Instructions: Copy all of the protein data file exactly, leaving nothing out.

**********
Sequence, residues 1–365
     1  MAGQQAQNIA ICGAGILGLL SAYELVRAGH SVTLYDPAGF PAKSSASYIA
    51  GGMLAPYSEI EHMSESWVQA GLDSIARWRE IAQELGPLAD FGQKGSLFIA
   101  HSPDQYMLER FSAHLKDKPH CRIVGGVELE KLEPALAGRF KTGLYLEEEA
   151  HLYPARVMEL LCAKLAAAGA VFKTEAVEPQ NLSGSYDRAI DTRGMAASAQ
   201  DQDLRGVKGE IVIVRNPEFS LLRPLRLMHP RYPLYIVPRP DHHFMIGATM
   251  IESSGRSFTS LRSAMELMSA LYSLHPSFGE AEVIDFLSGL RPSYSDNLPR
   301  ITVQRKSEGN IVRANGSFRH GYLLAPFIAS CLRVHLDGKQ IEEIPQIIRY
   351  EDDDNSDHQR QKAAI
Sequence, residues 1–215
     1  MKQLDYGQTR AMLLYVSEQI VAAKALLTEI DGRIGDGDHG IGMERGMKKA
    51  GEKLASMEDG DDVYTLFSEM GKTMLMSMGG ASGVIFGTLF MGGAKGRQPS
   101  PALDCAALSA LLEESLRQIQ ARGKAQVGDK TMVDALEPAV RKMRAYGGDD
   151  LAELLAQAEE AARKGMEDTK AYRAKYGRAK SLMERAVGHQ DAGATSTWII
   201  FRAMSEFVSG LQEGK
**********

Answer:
Sequence, residues 1–365
     1  MAGQQAQNIA ICGAGILGLL SAYELVRAGH SVTLYDPAGF PAKSSASYIA
    51  GGMLAPYSEI EHMSESWVQA GLDSIARWRE IAQELGPLAD FGQKGSLFIA
   101  HSPDQYMLER FSAHLKDKPH CRIVGGVELE KLEPALAGRF KTGLYLEEEA
   151  HLYPARVMEL LCAKLAAAGA VFKTEAVEPQ NLSGSYDRAI DTRGMAASAQ
   201  DQDLRGVKGE IVIVRNPEFS LLRPLRLMHP RYPLYIVPRP DHHFMIGATM
   251  IESSGRSFTS LRSAMELMSA LYSLHPSFGE AEVIDFLSGL RPSYSDNLPR
   301  ITVQRKSEGN IVRANGSFRH GYLLAPFIAS CLRVHLDGKQ IEEIPQIIRY
   351  EDDDNSDHQR QKAAI
Sequence, residues 1–215
     1  MKQLDYGQTR AMLLYVSEQI VAAKALLTEI DGRIGDGDHG IGMERGMKKA
    51  GEKLASMEDG DDVYTLFSEM GKTMLMSMGG ASGVIFGTLF MGGAKGRQPS
   101  PALDCAALSA LLEESLRQIQ ARGKAQVGDK TMVDALEPAV RKMRAYGGDD
   151  LAELLAQAEE AARKGMEDTK AYRAKYGRAK SLMERAVGHQ DAGATSTWII
   201  FRAMSEFVSG LQEGK